The Washington, D.C. region saw an upturn in overall homes sold in February, according to the latest Long & Foster Real Estate Market Minute Report. Brookland and Woodridge had the largest jump with a 110% gain, followed by Chevy Chase DC with an 86% rise.
Home sale prices also increased across the region with Cleveland Park and Kalorama showcasing a 63% incline, while Spring Valley and Wesley Heights had a 16% decline. Inventory continued to dip, with Logan Circle and Dupont having the largest fall with a 55% decrease, though Cleveland Park and Kalorama exhibited a 10% rise.
“Units sold are down however the market is very brisk right now with plenty of demand in most price-points,” said Larry “Boomer” Foster, president of Long & Foster Real Estate. Overall, the market is in a positive place, with Foster anticipating it to remain that way.
“There’s a couple of different ways that COVID-19 is affecting the market right now, however they’re all positive,” Foster posited. With the stock market fluctuating, many investors are starting to pull their money from equities and bonds and putting it into real estate. With the yield on the 10-year treasury bond shrinking to all-time lows and 30-year fixed rates dropping in response, people’s buying power will increase dramatically.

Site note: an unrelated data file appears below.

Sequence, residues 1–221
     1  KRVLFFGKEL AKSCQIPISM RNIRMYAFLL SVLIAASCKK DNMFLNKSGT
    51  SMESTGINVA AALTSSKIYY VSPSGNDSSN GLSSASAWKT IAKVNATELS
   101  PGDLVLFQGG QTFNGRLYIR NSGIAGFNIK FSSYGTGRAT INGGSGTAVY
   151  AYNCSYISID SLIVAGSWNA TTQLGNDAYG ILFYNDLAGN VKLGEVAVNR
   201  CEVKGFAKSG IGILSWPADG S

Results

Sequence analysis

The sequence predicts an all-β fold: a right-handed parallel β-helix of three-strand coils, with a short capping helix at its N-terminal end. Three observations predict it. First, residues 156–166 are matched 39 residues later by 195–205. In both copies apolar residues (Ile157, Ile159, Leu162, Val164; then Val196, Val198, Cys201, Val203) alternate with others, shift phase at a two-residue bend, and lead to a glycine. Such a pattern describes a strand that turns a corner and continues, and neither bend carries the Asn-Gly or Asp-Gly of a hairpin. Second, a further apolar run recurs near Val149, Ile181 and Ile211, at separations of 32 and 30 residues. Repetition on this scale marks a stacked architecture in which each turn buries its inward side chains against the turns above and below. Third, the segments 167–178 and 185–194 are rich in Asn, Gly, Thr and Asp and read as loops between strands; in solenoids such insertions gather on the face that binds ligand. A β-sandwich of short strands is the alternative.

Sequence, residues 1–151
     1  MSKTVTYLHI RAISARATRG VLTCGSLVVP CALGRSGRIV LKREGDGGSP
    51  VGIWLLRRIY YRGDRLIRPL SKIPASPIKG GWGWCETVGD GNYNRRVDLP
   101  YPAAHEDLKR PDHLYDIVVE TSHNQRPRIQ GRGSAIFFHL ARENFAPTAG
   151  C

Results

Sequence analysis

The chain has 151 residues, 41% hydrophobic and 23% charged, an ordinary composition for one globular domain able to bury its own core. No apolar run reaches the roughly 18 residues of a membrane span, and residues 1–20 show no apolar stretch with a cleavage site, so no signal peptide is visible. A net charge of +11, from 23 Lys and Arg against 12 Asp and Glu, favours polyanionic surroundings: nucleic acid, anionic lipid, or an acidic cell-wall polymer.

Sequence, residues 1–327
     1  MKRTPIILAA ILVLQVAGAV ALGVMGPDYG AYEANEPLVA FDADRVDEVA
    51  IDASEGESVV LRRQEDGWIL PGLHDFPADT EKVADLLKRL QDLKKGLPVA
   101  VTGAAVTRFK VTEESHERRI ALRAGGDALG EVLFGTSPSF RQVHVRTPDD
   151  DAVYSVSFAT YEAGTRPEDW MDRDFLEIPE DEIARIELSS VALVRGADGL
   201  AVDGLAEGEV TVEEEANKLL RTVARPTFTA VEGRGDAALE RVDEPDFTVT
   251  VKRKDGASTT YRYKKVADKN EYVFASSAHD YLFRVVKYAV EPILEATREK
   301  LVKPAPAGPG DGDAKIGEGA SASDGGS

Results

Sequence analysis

While Foster believes it’s safe to assume that the coronavirus will disrupt the real estate market, he anticipates the main effect will be on consumer confidence. In February, the consumer confidence numbers were the highest in years, however with current events it may begin to dip.
With fears of a recession incoming, Foster doesn’t believe a housing crisis is imminent. Real estate appreciates over time and even during recessions, the value of a house will not suffer dramatically. While there are always exceptions, generally a normal expanding marketplace will have median home prices go up by 5% while in a recessionary market home prices will appreciate at 4%.